Buffalo from the David Meyer ranches in North Dakota and South Dakota remain under quarantine following the illegal use of a poison used to kill prairie dogs.
The quarantine includes about 900 buffalo that grazed in one small pasture of Meyer’s former Cannonball Ranch near the Standing Rock Sioux Reservation as well as on the former Wilder Ranch to the south. The adult buffalo are under quarantine until September, though yearlings were released from the no-sale hold on Jan. 1.
The situation dates to April, when six dead bald eagles and dead bison were discovered at the former Wilder Ranch. An Environmental Protection Agency-led investigation found that 40,000 pounds of Rozol poison had been illegally distributed across more than 5,400 acres on both ranches, according to EPA documents.
Gregg Ryken, an auctioneer who sold 400 bison for top dollar Jan. 7 at a sale in nearby Selfridge, said he believes none of the animals belonged to Meyer, though one potential buyer said he held back from bidding because he couldn’t be sure.
The sale was listed by Ernie and Beverly Fischer, of Selfridge, who, in the past, have leased Meyer’s Cannonball Ranch for buffalo grazing and held a sale there a year ago. As recently as November, the Fischers told authorities 14 bison were missing or dead at the Cannonball Ranch, near where an anti-Dakota Access pipeline protest has been active since August.
The deaths of those bison continue to be investigated by North Dakota Stockmen’s Association field man Steve Bay, a former Grant County sheriff. Bay said he believes all 14 were most likely butchered and their remains were found in the Cannonball Ranch pastures adjacent to the protest area west of N.D. Highway 1806. He said the dead bison belonged to both the Fischers and Meyer. Meyer did not return two calls for comment on this story.
David Kam, who’s working with the indigenous Free Nations group to start a buffalo sanctuary with the neighboring Cheyenne River Sioux Tribe, said he had donations to buy up to 17 animals at the Fischer sale, but he was worried about possible Rozol contamination.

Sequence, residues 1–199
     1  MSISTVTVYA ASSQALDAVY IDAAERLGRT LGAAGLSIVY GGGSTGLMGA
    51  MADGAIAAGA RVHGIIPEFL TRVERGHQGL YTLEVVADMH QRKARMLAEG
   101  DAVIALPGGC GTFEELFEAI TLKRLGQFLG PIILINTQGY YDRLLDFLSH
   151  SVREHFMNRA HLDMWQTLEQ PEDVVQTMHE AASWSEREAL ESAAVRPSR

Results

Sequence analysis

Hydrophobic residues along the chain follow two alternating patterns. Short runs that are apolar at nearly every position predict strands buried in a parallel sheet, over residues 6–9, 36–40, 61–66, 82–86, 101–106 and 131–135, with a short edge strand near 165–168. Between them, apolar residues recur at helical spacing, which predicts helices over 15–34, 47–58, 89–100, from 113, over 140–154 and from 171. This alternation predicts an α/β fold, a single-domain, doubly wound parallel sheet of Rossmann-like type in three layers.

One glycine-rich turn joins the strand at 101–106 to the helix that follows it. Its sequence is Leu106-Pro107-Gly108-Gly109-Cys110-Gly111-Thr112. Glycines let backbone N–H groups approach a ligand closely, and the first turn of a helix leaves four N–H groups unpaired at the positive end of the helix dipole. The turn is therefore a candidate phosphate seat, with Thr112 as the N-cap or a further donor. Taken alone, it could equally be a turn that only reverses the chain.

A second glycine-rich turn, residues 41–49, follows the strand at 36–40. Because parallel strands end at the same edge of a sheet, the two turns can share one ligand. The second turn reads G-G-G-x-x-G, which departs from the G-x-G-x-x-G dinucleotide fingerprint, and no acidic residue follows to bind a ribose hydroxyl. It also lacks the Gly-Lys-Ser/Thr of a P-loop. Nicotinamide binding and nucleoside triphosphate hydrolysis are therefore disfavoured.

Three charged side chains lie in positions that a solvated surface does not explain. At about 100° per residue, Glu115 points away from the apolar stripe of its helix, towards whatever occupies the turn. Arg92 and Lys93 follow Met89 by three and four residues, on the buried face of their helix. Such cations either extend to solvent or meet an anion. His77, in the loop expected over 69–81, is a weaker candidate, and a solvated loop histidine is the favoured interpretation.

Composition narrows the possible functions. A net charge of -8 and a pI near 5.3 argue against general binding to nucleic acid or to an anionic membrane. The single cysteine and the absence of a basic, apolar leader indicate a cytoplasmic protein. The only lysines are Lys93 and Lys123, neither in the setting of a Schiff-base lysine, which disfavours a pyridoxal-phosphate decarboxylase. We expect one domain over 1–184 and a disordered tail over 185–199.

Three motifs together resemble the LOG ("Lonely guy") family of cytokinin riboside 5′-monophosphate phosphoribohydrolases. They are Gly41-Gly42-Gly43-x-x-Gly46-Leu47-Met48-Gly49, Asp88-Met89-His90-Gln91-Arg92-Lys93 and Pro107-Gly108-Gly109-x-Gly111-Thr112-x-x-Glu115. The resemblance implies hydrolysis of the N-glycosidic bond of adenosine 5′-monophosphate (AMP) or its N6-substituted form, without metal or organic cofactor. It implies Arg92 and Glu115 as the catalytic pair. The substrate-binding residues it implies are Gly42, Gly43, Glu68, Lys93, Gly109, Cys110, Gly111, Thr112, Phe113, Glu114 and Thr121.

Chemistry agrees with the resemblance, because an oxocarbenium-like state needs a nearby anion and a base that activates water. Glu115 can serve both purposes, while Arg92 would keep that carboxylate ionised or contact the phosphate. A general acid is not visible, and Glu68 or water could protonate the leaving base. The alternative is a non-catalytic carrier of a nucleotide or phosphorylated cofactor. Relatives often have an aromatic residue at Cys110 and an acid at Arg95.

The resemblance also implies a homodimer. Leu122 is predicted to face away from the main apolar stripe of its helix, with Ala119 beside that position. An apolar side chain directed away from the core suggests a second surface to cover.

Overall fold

Beverly Fischer said all the bison sold at the recent auction belonged to them, or to their cosigners, not to Meyer.
“Dave Meyer had no animals at Selfridge. Fischers have no animals at Cannonball Ranch. David Meyer owns all buffalo at the ranch. We have no interest there anymore. I can attest to the fact that our buffalo are healthy,” Beverly Fischer said in a text message, adding that the Rozol-related quarantine was not her business.
Ryken, the auctioneer, said he wrote only two checks after the bison auction — one to the Fischers and one to a cosigner from Colorado.
“I’m about 100 percent sure none of those animals were Meyer’s,” he said.
Meyer sold the Cannonball Ranch to Dakota Access Pipeline for a reported $18 million five months after the Rozol incident. The company bought the ranch to facilitate construction of the pipeline. Hundreds and at times thousands of protesters have demonstrated against the pipeline and have occupied nearby encampments.
The EPA said responsibility for Rozol monitoring transfers with ownership. Documents show that only one 80-acre pasture was illegally laced with the Rozol on the Cannonball Ranch out of a bigger spread of about 7,000 acres. Nearly all was spread around various pastures at the former Wilder Ranch, where the dead eagles were documented.
Instead of being applied into the prairie dog burrows, the bright blue poison pellets were broadcast on the ground, according to EPA findings. Dead prairie dogs were left where they died instead of being regularly removed to protect other wildlife. Dead bison were also found as recently as August, documents said. The poison causes animals to bleed to death.
The EPA documents include an administrative order detailing the discovery of the poison, a clean-up plan and quarantine order, as well as notes from a follow-up interagency meeting in the fall. Meyer is identified as the responsible party and the agency’s point of contact in the documents. The documents also note that Meyer did not have proper pesticide certification to apply the Rozol.
Meanwhile, the U.S. Fish and Wildlife Service awaits lab results of whether the eagles definitively died of Rozol ingestion and federal charges could be brought in the matter, says agency investigator Rich Grosz.
Bald eagles are protected by the Bald and Golden Eagle Protection Act, with a possible $100,000 fine and a year’s imprisonment for their death.
The EPA ordered Meyer to till the Rozol into the soil and to monitor the area for dead animals. Because of concerns of human consumption of Rozol-infected meat, the order prevents Meyer from selling the adult bison until Sept. 1 and then only after consulting a veterinarian and the EPA.